Stocks tumbled Monday to kick off the new week in the red, as Wall Street reacted to fresh data showingChina’s economy is in slowdown mode, overshadowing a big deal in the hard-hit energy patch.
The Dow Jones industrial average ended down 313 points, or 1.9%. The Standard & Poor’s 500 index fell 2.6% and the Nasdaq composite index plunged more than 143 points, or 3%.
Blue chips comprising the Dow temporarily ducked below 16,000 at one point, the first time the index has fallen below that mark since Aug. 25.
The U.S. stock market is still coping with its first market correction, or drop of 10% or more, since 2011.
The latest hit to investor sentiment was a continued drop in Chinese Industrial Profits, which fell 8.8% in August vs. the same period a year ago. This is just the latest data point out of the world’s second- biggest economy that suggests economic softening. Another headline putting investors in a risk-off mode are reports that Volkswagen’s ex-CEO is being investigated for criminal charges by German authorities as part of the investigation into the emissions-cheating scandal that has engulfed the carmaker in recent weeks.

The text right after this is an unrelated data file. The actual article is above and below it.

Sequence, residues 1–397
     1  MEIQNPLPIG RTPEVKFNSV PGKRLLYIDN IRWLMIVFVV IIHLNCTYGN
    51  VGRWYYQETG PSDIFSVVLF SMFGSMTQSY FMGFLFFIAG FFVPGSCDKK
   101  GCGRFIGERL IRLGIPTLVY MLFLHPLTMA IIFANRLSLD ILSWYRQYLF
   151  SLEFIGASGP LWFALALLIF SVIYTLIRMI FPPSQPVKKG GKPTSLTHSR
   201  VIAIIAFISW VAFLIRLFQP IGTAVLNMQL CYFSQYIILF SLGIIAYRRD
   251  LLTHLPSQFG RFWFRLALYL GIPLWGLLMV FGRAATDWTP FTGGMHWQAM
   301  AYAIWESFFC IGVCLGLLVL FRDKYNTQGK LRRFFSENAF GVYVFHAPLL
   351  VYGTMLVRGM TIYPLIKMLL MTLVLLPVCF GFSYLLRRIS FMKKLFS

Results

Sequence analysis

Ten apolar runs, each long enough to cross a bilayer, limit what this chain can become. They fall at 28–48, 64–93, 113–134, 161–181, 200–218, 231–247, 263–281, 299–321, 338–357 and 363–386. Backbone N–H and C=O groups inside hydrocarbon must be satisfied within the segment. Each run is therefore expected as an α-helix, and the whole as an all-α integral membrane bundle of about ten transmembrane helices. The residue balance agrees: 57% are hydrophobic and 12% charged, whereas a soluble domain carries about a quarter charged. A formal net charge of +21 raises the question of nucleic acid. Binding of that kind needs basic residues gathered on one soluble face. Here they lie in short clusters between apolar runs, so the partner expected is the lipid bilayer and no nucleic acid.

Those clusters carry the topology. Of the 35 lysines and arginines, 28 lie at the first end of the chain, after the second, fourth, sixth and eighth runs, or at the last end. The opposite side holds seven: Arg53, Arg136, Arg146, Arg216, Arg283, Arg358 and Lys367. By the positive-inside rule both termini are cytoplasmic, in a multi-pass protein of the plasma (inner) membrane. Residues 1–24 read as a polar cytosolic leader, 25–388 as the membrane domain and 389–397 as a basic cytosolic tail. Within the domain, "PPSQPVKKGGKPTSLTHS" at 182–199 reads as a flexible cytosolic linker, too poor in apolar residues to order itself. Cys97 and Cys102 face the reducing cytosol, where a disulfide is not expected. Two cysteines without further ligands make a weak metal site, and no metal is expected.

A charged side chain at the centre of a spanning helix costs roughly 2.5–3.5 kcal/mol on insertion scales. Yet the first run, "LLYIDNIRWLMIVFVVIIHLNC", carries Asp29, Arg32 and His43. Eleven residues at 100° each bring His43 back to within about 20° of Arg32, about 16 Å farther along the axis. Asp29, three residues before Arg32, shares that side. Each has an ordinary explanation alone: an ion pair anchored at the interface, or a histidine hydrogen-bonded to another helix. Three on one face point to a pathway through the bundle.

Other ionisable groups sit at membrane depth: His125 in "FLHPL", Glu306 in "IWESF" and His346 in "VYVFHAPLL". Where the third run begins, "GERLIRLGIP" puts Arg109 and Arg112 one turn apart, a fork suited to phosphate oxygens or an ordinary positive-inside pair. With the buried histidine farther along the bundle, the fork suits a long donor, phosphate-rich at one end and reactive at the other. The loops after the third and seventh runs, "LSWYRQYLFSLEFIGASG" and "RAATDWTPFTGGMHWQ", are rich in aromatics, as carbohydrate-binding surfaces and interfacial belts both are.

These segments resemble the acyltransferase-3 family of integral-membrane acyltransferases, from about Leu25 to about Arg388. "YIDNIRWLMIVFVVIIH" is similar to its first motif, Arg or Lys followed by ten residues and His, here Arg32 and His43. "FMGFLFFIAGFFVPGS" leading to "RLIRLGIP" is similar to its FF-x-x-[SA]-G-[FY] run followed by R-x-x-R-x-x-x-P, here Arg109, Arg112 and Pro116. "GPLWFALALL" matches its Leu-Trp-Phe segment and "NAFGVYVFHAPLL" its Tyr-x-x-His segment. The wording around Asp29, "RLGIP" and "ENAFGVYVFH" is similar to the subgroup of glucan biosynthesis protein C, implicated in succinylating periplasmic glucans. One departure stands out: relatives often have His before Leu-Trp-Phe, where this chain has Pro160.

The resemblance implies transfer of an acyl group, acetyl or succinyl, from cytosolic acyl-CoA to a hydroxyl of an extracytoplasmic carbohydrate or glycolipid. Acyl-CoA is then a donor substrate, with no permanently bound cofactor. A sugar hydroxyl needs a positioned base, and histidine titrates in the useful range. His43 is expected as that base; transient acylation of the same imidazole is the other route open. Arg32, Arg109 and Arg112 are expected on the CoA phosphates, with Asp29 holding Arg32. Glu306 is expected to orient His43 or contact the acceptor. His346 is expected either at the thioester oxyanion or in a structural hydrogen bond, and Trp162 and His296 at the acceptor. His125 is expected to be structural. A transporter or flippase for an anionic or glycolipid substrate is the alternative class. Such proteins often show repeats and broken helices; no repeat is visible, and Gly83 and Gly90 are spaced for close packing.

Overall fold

Also adding to the market’s angst is a 20% plunge in shares of global commodity giantGlencore. In addition, CNBC reported that hedge fund manager and billionaire investorCarl Icahn is set to release a video tomorrow warning of danger ahead for markets, aruging that the Federal Reserve’s low interest rate policy has led to bubbles in art, real estate and high-yield bonds and that the fallout could be severe.
The Fed, of course, opted not to hike interest rates at its meeting earlier this month, but Fed chair Janet Yellen reiterated in a speech Thursday that the U.S. central bank is still on track to hike rates sometime in 2015. Those comments were echoed earlier today by New York Federal Reserve president William Dudley. Dudley is just one of four Fed speakers slated to comment on monetary policy today.
That negative news overweighed news that aluminum giant Alcoa will split into two separate companies as a way to spur growth and a deal in the energy sector, whereEnergy Transfer Equity (ETE) is acquiring Williams Cos. for nearly $33 billion.
U.S. investors also got some good news on the economic data front, with Augustconsumer spending rising 0.4% and personal income up 0.3%.
Shares were down again in Europe, hurt by China’s dour economic news and the continued crisis engulfing VW. The FTSE 100 in London was off 2.5%, the DAX in Germany was down 2.1% and the CAC 40 in Paris was 2.8% lower.
The Nikkei 225 in Japan fell 1.3%.
Source: USA Today